Hell’s Kitchen has come a long way from the gang rule it was once under. Today its real estate prices are skyrocketing, new construction projects are constantly underway, and trendy, tourist-friendly bars and restaurants are popping up on almost every corner. Many now mourn the area’s increasing gentrification, but they can take comfort in the fact that there are still some largely undiscovered places in this once-gritty neighborhood. (more…)
Over fifteen building walls and facades have been pasted by the French artist JR in the framework of his project “The Wrinkles of the City“. After Cartagena, Shanghai, L.A. and Havana, Berlin has become the fifth city to host the project. (more…)
When we first posted the painting of the “Happy Negro (Au Nègre Joyeux)” above #12 Rue Mouffetard in the Latin Quarter, we were (admittedly) less well-versed in French history than we are now, and there were some wonderful comments on the article from readers situating the historical artifact properly. There was also a fun comment that the very building was mentioned in The Sun Also Rises by Ernest Hemingway: “Music came out of the Negre Joyeux. Through the window of the Café Aux Amateurs I saw the long zinc bar.” The same café is mentioned in A Moveable Feast as well. (more…)
Someone told me on my first Dîner en Blanc at the Louvre and Tuileries (a location what was repeated tonight for some guests), that it never rains for the event, and this year was no exception. At 5pm, as we prepared for our fourth year at the Paris Dîner en Blanc, the sun peeked out of the sky. Rain and clouds threatened all day, replaced by sunshine, seemingly just for the event.
It’s a special year, marking the the 25th Anniversary of this pop-up dinner phenomenon that began humbly as a reunion when François Pasquier returned to France after living abroad. Now in 18 cities, the magic has spread worldwide, as far as Rwanda, Haiti, Australia and many cities in the United States, including New York City. Tonight, the Paris Dîner en Blanc took place in two locations: at Trocadero, with a majestic view of the Eiffel Tower and at the Louvre. (more…)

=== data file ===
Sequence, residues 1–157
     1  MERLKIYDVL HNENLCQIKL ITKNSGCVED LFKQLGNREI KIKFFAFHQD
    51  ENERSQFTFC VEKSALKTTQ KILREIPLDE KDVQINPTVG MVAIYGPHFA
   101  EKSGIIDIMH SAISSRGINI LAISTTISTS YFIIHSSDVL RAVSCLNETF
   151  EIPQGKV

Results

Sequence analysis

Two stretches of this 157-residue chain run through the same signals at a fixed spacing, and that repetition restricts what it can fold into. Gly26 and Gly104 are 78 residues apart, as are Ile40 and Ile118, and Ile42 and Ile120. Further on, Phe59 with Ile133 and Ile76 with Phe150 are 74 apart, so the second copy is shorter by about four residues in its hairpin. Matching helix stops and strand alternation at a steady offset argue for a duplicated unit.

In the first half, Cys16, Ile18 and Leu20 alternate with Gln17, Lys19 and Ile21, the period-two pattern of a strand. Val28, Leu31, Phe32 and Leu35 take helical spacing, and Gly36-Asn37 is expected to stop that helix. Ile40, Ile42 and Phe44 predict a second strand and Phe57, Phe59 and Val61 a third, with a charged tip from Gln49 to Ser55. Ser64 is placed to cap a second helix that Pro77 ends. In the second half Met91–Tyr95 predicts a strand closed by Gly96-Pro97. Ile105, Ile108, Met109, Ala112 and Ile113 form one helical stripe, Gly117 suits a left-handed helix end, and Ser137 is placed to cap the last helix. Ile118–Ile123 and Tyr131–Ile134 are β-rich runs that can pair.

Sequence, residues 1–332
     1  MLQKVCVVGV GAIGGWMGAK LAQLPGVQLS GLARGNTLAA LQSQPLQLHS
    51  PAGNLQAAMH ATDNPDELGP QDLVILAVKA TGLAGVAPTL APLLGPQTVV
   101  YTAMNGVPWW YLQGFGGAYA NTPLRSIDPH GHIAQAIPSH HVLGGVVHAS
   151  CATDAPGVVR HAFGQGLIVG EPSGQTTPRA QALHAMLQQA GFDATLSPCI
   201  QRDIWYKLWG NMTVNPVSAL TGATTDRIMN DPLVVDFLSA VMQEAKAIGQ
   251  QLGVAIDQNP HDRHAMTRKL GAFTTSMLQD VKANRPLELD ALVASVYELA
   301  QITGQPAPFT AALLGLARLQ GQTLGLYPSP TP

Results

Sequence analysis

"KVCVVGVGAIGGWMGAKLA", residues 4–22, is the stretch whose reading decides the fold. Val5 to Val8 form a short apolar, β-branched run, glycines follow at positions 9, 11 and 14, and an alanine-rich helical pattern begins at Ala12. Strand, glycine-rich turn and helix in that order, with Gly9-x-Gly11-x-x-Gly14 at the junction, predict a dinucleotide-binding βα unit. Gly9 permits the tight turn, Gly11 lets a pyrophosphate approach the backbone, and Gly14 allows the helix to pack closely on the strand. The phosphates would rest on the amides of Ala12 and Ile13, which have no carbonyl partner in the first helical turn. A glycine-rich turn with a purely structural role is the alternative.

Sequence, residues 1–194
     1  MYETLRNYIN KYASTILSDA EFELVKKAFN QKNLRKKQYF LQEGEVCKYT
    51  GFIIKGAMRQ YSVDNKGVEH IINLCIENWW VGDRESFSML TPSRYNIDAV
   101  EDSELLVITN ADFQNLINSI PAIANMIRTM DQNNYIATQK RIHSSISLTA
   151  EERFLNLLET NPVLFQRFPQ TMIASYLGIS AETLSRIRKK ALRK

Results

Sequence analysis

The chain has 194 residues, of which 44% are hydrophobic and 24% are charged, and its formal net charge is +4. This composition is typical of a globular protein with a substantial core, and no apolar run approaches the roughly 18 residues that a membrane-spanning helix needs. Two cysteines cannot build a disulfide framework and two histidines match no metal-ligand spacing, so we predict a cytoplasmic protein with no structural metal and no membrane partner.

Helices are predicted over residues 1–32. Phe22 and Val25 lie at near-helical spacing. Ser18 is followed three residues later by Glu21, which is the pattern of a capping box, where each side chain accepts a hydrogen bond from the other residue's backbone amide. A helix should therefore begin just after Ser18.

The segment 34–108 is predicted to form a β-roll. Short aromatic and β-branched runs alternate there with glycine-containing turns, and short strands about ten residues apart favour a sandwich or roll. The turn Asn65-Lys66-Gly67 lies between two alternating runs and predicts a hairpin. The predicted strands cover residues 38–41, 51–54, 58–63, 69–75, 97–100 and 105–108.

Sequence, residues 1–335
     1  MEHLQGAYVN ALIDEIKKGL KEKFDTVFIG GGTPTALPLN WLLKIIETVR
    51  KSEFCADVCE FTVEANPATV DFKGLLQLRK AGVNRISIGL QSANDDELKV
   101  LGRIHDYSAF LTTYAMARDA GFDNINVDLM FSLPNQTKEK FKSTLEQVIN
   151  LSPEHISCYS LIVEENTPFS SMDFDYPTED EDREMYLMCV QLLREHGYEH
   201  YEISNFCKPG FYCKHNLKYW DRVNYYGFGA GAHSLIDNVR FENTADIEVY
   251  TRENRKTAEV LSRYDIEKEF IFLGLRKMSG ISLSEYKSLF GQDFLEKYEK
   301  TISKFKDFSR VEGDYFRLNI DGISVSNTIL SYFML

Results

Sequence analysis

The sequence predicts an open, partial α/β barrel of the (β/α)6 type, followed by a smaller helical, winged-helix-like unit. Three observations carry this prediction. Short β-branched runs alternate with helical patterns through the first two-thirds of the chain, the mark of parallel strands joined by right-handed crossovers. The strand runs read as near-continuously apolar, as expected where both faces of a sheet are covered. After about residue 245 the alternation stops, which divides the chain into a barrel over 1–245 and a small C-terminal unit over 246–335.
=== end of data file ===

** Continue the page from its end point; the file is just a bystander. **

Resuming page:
New York is the ultimate city of water. With its 578 miles of shoreline, its tidal rivers and straits, bays, harbors, and ocean frontage, New York became fabulously wealthy over the centuries by ruthlessly exploiting the surrounding waters for shipping, commerce, and energy. For 300 years it has expanded its territory into the sea, building bulkheads and walls to protect the land from surges and storms, whose turbulence and unpredictability have served as a regular threat to the city’s welfare. But its shores were for industry, not people. In the name of protection, it closed off most of its dangerous, wild waterfront to New Yorkers until the late 20th century. (more…)
Paris may be most famous for its catacombs, explored officially by tourists in some areas, illicitly by “cataphiles” in others, but did you know that catacombs exist all around the world, including in New York City? Originally the term “catacomb,” in its singular form, only applied to a group of underground tombs on Appian Way in Rome under the Basilica of St. Sebastian, where the bodies of apostles Peter and Paul were believed to have been interred. By 1705, the word was being used to describe subterranean cemeteries elsewhere, and by 1836, it also included the catacombs of Paris.
Fire-thrower in the Paris Underground. Source: National Geographic, by Stephen Alvarez (more…)